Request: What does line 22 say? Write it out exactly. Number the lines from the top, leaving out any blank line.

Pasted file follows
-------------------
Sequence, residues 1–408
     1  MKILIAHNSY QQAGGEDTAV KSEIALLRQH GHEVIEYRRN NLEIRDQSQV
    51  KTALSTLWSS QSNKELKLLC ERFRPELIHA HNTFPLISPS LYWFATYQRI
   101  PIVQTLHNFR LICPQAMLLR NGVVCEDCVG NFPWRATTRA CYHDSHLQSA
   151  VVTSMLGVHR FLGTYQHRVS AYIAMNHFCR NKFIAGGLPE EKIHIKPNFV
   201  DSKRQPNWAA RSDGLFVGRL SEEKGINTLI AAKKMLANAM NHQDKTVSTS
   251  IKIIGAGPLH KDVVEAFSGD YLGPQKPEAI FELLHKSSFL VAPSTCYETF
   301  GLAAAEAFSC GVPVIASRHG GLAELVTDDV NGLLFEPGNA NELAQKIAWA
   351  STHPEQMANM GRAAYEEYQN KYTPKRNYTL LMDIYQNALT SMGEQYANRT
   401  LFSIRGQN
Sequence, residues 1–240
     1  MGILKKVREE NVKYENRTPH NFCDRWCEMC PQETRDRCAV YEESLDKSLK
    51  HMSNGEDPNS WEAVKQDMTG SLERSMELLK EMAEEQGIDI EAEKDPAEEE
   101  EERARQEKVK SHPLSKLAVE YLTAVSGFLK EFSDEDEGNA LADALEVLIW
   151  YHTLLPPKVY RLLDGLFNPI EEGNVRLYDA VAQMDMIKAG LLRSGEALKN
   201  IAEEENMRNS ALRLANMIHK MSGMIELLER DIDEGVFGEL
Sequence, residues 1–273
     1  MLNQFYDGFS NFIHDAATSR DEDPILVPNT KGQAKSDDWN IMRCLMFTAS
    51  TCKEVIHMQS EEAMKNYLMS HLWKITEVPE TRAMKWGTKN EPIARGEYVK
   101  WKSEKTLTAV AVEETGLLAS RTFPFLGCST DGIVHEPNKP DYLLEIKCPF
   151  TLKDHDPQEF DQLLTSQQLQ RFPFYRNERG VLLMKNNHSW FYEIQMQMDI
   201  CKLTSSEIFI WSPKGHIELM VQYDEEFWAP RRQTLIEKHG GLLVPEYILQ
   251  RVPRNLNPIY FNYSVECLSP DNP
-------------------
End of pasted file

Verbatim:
   201  CKLTSSEIFI WSPKGHIELM VQYDEEFWAP RRQTLIEKHG GLLVPEYILQ